But the president has not transferred authority to Mr Pence, according to White House officials. “The president is in charge,” said White House communications director Alyssa Farah. 

The vice president's physician said he is “not considered a close contact with any individuals who have tested positive” and “does not need to quarantine” despite health guidelines that urge anyone to self-isolate for 14 days following the initial point of contact with an infected person.

The statement suggested that Mr Pence has not been in close contact with any administration official or staff who have also been in close contact with the president, first lady or Ms Hicks, though Mr Pence attended a coronavirus briefing at the White House Rose Garden on Monday and reportedly met with the president on Tuesday, two days before Mr Trump revealed the positive diagnosis, and placing him within the threshold for quarantine.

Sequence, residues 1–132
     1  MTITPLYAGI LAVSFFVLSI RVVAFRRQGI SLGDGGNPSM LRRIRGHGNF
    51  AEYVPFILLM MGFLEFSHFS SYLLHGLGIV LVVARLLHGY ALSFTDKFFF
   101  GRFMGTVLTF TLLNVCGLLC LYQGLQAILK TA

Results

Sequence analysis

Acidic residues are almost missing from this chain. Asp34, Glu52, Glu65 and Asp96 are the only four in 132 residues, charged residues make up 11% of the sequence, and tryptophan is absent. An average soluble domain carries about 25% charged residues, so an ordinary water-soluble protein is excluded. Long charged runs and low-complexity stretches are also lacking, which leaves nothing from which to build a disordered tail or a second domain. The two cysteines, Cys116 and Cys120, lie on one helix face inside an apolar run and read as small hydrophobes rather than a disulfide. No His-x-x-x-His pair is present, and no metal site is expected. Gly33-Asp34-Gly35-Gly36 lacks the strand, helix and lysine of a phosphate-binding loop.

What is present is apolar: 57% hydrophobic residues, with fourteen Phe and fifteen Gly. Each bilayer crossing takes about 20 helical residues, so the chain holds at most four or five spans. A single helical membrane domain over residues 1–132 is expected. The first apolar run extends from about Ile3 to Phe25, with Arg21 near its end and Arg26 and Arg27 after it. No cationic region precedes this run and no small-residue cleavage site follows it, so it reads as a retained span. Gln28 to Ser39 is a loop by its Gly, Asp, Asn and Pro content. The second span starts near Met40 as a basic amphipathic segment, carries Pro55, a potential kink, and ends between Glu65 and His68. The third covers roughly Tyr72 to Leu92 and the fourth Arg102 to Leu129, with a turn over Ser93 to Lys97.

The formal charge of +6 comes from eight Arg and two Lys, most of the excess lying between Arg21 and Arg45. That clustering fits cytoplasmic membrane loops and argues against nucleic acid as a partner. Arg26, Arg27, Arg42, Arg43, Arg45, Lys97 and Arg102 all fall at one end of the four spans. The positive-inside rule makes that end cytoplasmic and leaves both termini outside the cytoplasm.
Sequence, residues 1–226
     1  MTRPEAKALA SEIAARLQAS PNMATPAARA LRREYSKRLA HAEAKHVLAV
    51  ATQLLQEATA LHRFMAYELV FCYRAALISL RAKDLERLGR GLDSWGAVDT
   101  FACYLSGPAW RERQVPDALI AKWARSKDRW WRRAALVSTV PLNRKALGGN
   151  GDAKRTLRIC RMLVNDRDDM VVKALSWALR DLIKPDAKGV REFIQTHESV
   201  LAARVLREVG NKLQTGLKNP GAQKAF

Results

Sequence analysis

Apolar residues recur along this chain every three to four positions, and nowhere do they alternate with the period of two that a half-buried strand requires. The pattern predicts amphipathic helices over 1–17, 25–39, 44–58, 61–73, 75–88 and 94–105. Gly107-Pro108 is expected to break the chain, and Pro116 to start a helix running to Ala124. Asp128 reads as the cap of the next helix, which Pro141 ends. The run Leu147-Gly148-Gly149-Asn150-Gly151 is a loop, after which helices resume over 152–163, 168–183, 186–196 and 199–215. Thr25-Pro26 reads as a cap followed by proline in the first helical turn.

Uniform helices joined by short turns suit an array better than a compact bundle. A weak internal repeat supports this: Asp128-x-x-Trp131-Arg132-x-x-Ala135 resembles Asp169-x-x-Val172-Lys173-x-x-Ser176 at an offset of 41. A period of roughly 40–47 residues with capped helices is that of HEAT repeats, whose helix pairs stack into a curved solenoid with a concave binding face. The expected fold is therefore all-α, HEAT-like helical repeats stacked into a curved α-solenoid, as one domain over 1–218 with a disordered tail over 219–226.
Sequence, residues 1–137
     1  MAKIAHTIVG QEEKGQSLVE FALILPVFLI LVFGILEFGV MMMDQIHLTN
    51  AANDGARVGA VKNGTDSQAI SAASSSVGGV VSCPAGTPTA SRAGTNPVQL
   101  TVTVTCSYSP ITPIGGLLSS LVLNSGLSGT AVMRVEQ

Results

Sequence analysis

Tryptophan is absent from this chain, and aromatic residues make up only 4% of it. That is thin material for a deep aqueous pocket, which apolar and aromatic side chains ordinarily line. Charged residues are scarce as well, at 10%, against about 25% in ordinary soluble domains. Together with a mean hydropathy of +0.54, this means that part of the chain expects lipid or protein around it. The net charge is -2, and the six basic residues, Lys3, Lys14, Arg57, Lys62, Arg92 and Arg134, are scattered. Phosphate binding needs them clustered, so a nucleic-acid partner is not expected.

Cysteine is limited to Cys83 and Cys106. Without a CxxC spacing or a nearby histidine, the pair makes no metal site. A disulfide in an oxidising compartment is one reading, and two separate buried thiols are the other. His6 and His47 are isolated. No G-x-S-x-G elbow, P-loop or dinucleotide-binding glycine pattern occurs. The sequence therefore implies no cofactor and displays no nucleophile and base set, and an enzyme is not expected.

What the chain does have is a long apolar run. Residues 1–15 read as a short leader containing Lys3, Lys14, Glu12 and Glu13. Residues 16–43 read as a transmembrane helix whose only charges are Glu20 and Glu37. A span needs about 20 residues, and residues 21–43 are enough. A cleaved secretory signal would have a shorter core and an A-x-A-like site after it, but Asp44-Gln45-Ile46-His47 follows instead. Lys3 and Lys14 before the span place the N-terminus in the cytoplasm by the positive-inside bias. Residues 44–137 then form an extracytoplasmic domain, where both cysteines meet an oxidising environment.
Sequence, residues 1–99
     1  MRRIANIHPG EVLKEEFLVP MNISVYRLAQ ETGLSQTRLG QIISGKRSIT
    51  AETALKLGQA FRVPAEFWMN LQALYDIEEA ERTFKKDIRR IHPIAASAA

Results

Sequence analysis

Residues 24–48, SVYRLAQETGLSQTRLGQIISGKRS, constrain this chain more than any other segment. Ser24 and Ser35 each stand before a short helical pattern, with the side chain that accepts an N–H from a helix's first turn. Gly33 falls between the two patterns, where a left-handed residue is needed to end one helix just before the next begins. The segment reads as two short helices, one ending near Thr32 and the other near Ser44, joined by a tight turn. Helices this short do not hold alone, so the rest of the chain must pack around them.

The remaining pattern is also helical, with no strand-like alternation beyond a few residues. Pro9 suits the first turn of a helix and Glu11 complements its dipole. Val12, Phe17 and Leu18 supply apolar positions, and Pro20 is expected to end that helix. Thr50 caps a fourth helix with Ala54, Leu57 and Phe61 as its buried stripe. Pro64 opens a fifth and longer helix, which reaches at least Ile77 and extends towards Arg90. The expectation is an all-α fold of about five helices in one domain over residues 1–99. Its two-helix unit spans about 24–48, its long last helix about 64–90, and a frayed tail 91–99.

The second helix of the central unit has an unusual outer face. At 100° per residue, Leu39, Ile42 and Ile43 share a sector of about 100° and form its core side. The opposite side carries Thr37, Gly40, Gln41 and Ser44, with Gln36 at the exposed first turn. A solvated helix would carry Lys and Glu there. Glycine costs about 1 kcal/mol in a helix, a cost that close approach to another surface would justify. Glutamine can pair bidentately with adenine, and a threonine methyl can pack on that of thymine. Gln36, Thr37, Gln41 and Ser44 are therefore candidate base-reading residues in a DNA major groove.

Mr Pence is scheduled to travel to Salt Lake City, Utah on Monday ahead of his debate on Wednesday against his Democratic opponent Kamala Harris.

In remarks on Friday, Democratic presidential candidate Joe Biden said Mr Trump’s diagnosis served as a "bracing reminder" for the need to take seriously an illness that has killed more than 200,000 Americans and infected millions of others.

While Mr Biden, who has tested negative for coronavirus, paused “negative” advertising in the wake of his election opponent’s ill health, he is hitting the campaign trail in Michigan this weekend. The former vice president said he and his wife, Dr Jill Biden, wished the Trumps well and were praying for them.

Join our commenting forum

Join thought-provoking conversations, follow other Independent readers and see their replies


Thank you for registering

Please refresh the page or navigate to another page on the site to be automatically logged inPlease refresh your browser to be logged in